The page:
Illinois American Water, a subsidiary of American Water is investing nearly $4m to replace booster station and chemical feed system in its Metro East district in the US.

The project has been undertaken to ensure clean drinking water and trustworthy water pressure for water service and fire protection. It will replace a booster station that was installed in the late 1940s.

Variable frequency drive (VFD) motors will be used in new booster station as the motor uses energy-saving technology to change the pumping output to match present demands, rather than pumping at one constant speed.

Additionally, yard piping and new control valves will be installed for better operations.

Illinois American Water senior manager for the Southern Division Karen Cooper said: “Including this ‘green’ technology in our operations will enhance water service while saving energy use and cost and reducing our environmental footprint.

Cooper added that the new chemical feed equipment will help ensure stable disinfection for enhanced water quality to customers.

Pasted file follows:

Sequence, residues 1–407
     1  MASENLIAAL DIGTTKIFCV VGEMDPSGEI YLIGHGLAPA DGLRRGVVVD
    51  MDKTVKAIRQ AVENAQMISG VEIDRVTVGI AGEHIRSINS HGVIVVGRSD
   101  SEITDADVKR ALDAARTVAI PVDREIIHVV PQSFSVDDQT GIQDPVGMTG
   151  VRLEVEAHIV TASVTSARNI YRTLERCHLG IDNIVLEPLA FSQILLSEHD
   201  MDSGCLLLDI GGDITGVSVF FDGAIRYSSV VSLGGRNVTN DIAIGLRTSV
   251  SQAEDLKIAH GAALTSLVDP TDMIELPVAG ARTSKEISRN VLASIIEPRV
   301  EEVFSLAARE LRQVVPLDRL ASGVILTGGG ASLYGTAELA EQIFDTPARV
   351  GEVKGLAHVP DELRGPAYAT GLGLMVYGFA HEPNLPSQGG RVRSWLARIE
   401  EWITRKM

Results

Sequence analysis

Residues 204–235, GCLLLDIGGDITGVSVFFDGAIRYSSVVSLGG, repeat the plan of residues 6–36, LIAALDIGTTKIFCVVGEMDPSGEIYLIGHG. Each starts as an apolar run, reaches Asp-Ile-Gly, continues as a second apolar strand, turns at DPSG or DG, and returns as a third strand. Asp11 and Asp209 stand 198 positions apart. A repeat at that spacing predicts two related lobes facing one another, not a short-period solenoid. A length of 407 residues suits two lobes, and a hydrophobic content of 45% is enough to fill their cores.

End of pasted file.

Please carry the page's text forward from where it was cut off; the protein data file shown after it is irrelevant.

The project is part of the company’s continued investments in replacing old infrastructure.

Other investments of Illinois American Water

In 2018, Illinois American Water had concluded nearly $6.5m investment for a 1.25 million gallon elevated water tower.

Prior to that in 2017, the company invested about $12m at the Metro East water treatment plant located near East St. Louis.

The investment was made to upgrade electrical and SCADA monitoring systems in addition to installing a grit removal system for water quality. The grit removal system has lessened the plant’s chemical usage and maintenance.

Cooper said: “There have been many upgrades over the years to ensure reliable, safe water service to our valued Metro East customers. We are proud of our continued commitment to prudent and proactive investment.”

Illinois American Water claims to provide water and wastewater services to nearly 1.3 million people.

The company employs over 7,100 professionals who provide regulated and market-based drinking water, wastewater and other related services to more than 14 million people in 46 states.